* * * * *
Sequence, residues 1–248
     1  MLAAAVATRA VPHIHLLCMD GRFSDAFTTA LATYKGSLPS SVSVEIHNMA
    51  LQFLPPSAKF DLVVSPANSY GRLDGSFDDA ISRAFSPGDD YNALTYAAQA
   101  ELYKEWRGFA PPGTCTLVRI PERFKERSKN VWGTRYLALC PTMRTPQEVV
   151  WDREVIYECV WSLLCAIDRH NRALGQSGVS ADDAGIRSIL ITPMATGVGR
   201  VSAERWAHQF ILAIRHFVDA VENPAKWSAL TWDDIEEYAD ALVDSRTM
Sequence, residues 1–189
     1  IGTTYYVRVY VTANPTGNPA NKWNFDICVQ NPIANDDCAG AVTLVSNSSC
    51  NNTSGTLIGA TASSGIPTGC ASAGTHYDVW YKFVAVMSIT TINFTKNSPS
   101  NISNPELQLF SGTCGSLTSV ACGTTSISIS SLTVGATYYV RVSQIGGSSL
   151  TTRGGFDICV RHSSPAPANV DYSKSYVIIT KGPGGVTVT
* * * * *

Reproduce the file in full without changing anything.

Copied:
Sequence, residues 1–248
     1  MLAAAVATRA VPHIHLLCMD GRFSDAFTTA LATYKGSLPS SVSVEIHNMA
    51  LQFLPPSAKF DLVVSPANSY GRLDGSFDDA ISRAFSPGDD YNALTYAAQA
   101  ELYKEWRGFA PPGTCTLVRI PERFKERSKN VWGTRYLALC PTMRTPQEVV
   151  WDREVIYECV WSLLCAIDRH NRALGQSGVS ADDAGIRSIL ITPMATGVGR
   201  VSAERWAHQF ILAIRHFVDA VENPAKWSAL TWDDIEEYAD ALVDSRTM
Sequence, residues 1–189
     1  IGTTYYVRVY VTANPTGNPA NKWNFDICVQ NPIANDDCAG AVTLVSNSSC
    51  NNTSGTLIGA TASSGIPTGC ASAGTHYDVW YKFVAVMSIT TINFTKNSPS
   101  NISNPELQLF SGTCGSLTSV ACGTTSISIS SLTVGATYYV RVSQIGGSSL
   151  TTRGGFDICV RHSSPAPANV DYSKSYVIIT KGPGGVTVT